Japan April 2015
My annual trip to Japan was as always a most memorable time. Having returned to Ireland late Thursday evening 23rd after a very long and arduous journey due to delays I was happy to be home with my family. My time in Japan was as always one of intense training and valuable teachings that can only come from the wise mind of a great teacher. Imparting knowledge is a great gift and one that few can duly place upon the minds of those who wish to learn, for placing such immeasurable wealth can only be done by those who are trained to the highest level and accord each student the greatest gift, that of knowledge.
As we raise to higher levels our training does not get easier and more effort is required. Those that are raised to higher levels have the greatest distance to fall and must always be mindful of this.
Even the grandmaster continually trains in his awareness of this most important point.
Japan was in full bloom at this time of year with cherry blossoms displaying their beautiful pink and white flowers all over the country. In Japanese these are called Sakura and are awaited every year with great excitement. Sakura bloom for approximately one week to 10 days of each year. They are not used for anything just admired for their beauty. In the old koryu schools of which we are one of the last sakura are endemic of the Samurai heart. The true samurai does not walk with big shoulders but appears at times when good is needed. This is the heart of sakura showing the beauty only one time and symbolic of a peaceful nature bringing happiness. It is said in the old Ninja schools that the heart of the Ninja is that of the flower. It is said in the old schools that the Ninja is never seen but his presence is felt. My teacher Grandmaster Shoto Tanemura explained to me that a person who displays a vulgar nature can never be a true martial artist and will always be seen for what they are. Simply look to the Hanna (flower) and you will see this. There is no vulgarity in true beauty.
Japans history in its turbulence managed to somehow create a balance between the beauty of nature and the discipline of the sword. My training this time in Japan was in one of the rare sword schools that are preserved within our system and with grateful acknowledgement to our martial Arts ancestors I can bow in reverence to everything they passed on to us and to my teacher of course who so attentively imparts these wonderful gifts.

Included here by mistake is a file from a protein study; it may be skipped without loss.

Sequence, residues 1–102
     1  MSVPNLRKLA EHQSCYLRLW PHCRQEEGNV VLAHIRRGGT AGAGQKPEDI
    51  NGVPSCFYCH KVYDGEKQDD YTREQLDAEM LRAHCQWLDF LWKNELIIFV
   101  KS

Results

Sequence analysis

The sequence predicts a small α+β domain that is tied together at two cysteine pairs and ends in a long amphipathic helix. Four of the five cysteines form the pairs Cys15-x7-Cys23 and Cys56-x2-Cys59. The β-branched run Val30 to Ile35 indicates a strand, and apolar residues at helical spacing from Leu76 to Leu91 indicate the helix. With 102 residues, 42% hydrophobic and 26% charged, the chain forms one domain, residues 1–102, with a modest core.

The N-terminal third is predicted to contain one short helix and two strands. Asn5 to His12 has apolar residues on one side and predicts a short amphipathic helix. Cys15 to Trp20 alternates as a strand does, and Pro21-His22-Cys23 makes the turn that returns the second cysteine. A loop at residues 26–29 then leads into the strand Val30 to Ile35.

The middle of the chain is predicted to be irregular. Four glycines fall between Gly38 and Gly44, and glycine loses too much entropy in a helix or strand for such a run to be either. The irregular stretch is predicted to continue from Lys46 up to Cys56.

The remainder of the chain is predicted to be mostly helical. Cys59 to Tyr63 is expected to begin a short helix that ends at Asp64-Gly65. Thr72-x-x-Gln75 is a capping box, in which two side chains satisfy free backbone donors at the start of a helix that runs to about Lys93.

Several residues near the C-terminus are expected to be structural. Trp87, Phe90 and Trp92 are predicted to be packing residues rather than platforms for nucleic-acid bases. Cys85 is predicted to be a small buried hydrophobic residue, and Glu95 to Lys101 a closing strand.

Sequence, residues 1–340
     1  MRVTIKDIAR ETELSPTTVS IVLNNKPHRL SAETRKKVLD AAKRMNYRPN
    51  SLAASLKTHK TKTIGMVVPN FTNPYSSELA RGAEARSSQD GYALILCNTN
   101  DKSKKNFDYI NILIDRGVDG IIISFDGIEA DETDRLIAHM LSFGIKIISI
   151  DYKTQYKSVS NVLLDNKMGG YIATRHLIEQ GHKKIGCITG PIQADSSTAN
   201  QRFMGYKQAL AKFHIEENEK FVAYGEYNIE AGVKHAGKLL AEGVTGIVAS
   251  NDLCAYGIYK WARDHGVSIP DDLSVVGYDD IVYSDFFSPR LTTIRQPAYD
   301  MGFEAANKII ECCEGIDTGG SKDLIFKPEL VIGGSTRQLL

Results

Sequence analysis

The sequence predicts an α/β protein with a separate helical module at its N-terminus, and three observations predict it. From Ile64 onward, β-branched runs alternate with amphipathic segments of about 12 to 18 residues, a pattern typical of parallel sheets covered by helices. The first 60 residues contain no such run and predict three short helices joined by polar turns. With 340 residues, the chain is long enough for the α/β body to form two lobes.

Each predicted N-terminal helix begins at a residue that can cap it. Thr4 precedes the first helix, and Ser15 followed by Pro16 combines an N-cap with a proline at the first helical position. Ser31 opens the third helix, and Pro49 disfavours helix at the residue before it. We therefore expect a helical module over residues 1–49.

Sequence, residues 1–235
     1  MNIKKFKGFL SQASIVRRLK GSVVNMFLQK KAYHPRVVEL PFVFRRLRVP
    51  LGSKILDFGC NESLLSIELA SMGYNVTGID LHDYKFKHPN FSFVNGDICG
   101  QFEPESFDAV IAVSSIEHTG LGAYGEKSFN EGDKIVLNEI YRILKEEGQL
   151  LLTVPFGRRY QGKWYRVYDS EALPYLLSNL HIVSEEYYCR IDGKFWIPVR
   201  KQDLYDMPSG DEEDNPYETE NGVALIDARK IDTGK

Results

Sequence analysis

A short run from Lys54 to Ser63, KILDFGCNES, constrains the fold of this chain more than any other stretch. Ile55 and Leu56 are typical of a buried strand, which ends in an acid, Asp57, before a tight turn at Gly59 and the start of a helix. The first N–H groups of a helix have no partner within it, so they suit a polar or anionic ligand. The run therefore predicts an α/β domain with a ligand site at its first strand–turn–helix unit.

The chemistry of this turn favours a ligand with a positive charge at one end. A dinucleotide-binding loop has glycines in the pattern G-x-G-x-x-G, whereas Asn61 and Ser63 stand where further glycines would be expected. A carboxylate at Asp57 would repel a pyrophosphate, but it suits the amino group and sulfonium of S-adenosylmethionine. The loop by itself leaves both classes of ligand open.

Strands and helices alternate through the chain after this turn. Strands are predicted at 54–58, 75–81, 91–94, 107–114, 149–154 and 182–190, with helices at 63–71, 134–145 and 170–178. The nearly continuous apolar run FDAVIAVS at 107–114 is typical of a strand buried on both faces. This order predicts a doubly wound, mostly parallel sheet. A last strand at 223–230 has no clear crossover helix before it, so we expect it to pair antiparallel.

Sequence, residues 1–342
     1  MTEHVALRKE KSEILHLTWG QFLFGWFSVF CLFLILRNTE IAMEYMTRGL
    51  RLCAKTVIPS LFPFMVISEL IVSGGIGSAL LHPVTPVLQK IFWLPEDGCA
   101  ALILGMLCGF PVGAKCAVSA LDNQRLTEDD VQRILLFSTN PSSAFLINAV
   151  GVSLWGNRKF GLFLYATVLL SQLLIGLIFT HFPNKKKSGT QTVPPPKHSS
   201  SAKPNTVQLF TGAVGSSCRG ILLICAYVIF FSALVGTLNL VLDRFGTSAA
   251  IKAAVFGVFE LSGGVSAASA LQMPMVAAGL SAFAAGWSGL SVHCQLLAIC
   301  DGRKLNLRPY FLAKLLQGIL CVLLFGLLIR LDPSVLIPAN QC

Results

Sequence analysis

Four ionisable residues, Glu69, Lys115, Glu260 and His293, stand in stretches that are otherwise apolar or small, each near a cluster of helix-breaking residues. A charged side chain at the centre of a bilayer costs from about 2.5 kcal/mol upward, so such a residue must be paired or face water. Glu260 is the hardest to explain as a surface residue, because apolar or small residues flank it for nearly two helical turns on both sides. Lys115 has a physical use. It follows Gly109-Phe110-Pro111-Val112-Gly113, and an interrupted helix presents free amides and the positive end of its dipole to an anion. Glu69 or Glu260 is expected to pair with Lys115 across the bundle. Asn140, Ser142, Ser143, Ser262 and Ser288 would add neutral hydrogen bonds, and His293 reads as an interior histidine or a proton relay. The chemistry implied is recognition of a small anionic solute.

One late evening with the Grandmaster and his family we strolled along the Edo river where a vista of Cherry blossoms, Sakura, lined the banks for about 3 miles each illumed by a Japanese lantern that reflected a darting red shimmering light on the water. The grandmaster explained that the trees have a life span very similar to warriors of the Sengoku Jidai (warring period) and subsequently soldiers during periods of war the world over 16-20 years. A short lifespan for a warrior but one that was all too familiar during both world wars.
Their beauty therefore may depict far more than that of a flower but reflect that of a life well lived however short and duty performed no matter how dire the circumstances. We must do boldly what is necessary in our lives but we must do so with manners, discipline and respect and in so doing show the heart of compassion with the strength of bamboo. This will lead to Butoku Martial Virtue and in itself displays the very heart of Sakura. This is the way of the Martial Artist.
Japan as always has fond memories for me and each time is a time to itself where things learned are ingested and nurtured. I look forward to my next journey in October along with a large contingent of Irish students and I am sure each will experience something of Japan in their own way.
Gambatte (never give up)